iPhone 4 repair manual

The folks at iFixit have compiled the insight they acquired while breaking down/re-assembling the iPhone 4 into a comprehensive (and unofficial) repair manual.

I’ve relied upon iFixit for years, and the detail in this manual is a great example of why.

Hold the phone [Updated]

Just hours after the iPhone 4 was delivered last week, some customers noticed an apparent data connection issue. Specifically, if one touches the lower left-hand corner of the phone with bare skin, the 3G connection immediately dies, and stays dead for as long as contact is maintained. Release the corner and the connection is re-established just as quickly. Cameron Hunt has posted a clear demonstration of the issue:

He isn’t the only one. Fraser Speirs posted a video of his iPhone demonstrating the problem, and Shawn Blanc charted his iPhone’s network performance while resting on his desk vs. while held in his left hand with clear results.

Meanwhile, others can’t replicate the drop at all. For example, David Pogue writes:

“I have never seen it on the iPhone unit I have been reviewing. I cannot even reproduce it, no matter how hard I try. I’m sitting here right now. I’m wrapping my hand every which way — I’m even holding it with two fists, completely concealing the silver band around the edges — and my four-bar signal strength doesn’t waver.”

What’s going on? To find an answer, let’s look at the band.

I’m with the band

When Gizmodo published photos of the early prototype, readers were struck by the metal band that edged the phone. With obvious seams and convex buttons, it veered from Apple’s aesthetic. Some suggested that the band was typical of unfinished, prototype hardware, and wouldn’t be a part of the final product. They were wrong. So what is it?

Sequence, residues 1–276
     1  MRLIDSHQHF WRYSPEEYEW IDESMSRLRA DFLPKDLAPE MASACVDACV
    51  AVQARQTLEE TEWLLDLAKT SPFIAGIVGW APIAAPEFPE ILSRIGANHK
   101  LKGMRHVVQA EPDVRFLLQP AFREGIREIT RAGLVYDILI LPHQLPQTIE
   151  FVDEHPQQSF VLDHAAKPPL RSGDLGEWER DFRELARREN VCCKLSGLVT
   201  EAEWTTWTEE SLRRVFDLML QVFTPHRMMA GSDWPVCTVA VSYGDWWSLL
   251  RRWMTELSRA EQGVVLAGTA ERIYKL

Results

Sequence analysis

It’s a band of stainless steel, machined from Apple’s own alloy. Aside from holding the iPhone together, it integrates the iPhone’s UMTS, GSM, GPS, Wi-Fi, and Bluetooth antennas. iFixit called it “…a work of genius.” Clearly, using the iPhone’s entire perimeter as the antenna was meant to address the chief complaints from earlier models: Dropped calls and spotty connectivity. Here’s how they’re arranged:

The issue arises when some users touch the seam between the right-hand side (UMTS/GSM) and the left-hand side (Bluetooth, Wi-Fi and GPS). How? According to WIRED, Danish blog ComON found one possible explanation by interviewing Professor Gert Frølund Pedersen of the Department of Electronic Systems at Aalborg University. Professor Pedersen:

“Human tissues will in any case have an inhibitory effect on the antenna. Touch means that a larger portion of the antenna energy turns into heat and lost. This makes the antenna less efficient to send and receive radio signals.”

Additionally, Spencer Webb of AntennaSys (Spencer has designed quad-band GSM antennas for the AT&T network) makes the issue quite clear:

“The iPhone 4 has two symmetrical slots in the stainless frame.  If you short these slots, or cover them with your hand, the antenna performance will suffer.  There is no way around this, it’s a design compromise that is forced by the requirements of the FCC, AT&T, Apple’s marketing department and Apple’s industrial designers, to name a few.”

Finally, Jobs himself confirmed the inevitability of human skin affecting an antenna’s performance in an email to a customer last week. Jobs wrote:

“Gripping any phone will result in some attenuation of its antenna performance, with certain places being worse than others depending on the placement of the antennas. This is a fact of life for every wireless phone.”

Location, location, location

Let’s look at that “placement of the antenna” that Steve mentions. The iPhone 4’s antenna reaches around the bottom. If touching an antenna can cause trouble, as Spencer Webb and Professor Pedersen attest, why would manufacturers move it from the top, where my hand is not, to the bottom, where my hand is? Why not keep it on the top and avoid the issue all together? That’s a question for the FCC.